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Post by DryCounty » Mon Jun 08, 2009 8:00 pm

Try Gillware -- last I'd heard they had far more reasonable pricing than Drive Savers and (I believe) they don't charge unless there is data recovered.

http://www.gillware.com/
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Jeff White
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Post by Jeff White » Mon Jun 08, 2009 10:30 pm

I got that same error message on a 500GB drive in December (detailed here: http://messageboard.tapeop.com/viewtopi ... ht=#522910 ). I didn't lose anything important, fortunately. I'm chiming in to say that I had the exact same error message, I have one of those USB Universal drive adapters, and I have Disk Warrior. Every time I tried to mount that drive more and more data was unreadable and simply disappeared if the drive would mount. I guess that I am saying that if it was me and if there was critically important data on there, I'd send it off and shell out the money. If not, try the other things listen on here to simply copy what you need off of there and just keep the drive around in case you need to extract stuff int he future. If not critical just spend 1/3 of that $1200 quote on three new mirrored drives of the same size.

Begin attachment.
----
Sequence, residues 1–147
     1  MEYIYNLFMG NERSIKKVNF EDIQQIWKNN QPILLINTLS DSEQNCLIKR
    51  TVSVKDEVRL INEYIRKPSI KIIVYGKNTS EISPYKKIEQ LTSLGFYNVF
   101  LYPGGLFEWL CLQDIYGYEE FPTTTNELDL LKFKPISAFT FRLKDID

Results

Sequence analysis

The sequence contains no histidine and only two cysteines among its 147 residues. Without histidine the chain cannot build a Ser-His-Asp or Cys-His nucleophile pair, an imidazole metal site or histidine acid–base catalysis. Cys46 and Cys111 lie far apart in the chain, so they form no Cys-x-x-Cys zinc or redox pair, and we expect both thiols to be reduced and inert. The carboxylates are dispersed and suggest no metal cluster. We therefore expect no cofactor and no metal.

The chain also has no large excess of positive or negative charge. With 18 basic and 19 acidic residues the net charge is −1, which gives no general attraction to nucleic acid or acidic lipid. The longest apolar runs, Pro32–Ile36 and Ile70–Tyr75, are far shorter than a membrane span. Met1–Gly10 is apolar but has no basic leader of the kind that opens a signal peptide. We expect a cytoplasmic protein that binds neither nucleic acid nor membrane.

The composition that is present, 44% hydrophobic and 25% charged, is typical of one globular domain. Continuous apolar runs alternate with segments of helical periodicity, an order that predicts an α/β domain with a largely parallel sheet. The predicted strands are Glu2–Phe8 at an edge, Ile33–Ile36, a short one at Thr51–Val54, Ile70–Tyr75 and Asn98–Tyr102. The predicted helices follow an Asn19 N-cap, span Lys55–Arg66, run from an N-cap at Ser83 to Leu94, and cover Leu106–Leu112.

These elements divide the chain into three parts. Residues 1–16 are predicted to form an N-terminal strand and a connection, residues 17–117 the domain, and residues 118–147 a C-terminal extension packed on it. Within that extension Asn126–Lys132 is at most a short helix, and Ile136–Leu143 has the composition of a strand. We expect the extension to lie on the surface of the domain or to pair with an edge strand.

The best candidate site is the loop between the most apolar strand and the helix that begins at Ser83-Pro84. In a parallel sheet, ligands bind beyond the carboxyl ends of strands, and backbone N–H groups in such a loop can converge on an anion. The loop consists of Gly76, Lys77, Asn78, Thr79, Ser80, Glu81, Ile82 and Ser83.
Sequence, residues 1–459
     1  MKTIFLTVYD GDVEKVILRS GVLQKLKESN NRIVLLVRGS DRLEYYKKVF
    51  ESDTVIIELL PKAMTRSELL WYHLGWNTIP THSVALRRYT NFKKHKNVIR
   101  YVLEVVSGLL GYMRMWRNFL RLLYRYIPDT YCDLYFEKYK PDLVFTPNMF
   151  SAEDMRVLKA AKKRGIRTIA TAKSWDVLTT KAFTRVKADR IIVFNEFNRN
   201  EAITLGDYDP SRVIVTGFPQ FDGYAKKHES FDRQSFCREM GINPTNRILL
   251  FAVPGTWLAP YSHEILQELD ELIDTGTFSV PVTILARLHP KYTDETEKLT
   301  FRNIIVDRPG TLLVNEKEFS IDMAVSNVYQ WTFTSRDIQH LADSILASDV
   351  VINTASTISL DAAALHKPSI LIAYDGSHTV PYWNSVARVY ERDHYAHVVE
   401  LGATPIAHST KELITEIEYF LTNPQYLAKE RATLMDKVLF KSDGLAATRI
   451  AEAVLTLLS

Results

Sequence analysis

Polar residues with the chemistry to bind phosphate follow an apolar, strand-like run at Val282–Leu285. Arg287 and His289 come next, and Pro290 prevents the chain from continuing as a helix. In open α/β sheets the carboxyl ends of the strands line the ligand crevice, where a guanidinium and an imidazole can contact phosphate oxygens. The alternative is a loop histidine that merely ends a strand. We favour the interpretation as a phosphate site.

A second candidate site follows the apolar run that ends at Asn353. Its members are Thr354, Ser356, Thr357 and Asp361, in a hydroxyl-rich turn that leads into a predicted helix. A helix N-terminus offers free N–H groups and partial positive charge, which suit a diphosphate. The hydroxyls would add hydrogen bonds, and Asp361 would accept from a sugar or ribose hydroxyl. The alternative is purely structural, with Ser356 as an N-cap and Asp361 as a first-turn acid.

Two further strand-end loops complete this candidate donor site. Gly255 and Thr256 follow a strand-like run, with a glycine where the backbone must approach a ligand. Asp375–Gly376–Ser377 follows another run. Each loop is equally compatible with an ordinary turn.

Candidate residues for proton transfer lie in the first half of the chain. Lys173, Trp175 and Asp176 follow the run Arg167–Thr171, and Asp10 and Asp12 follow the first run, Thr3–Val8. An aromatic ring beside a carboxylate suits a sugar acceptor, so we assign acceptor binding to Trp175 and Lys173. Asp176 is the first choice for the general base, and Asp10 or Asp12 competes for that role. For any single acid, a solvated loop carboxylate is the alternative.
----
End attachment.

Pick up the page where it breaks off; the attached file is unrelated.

So ... a three drive system, one in a different location (home as opposed to studio, or at the office if you have a day job, or at you girlfriend/boyfriend's place, etc). Just drop some bucks every 4 months on a terrabyte drive until you have three of them and keep them constantly mirrored. When a project is finished back it up to DVDs as another safety. Backup shit everyday.

I learned to do this from Joel's posts on the subject, from working as the Art Director for a publishing company, and from recording several projects at a time and archiving for my friends' band.

Jeff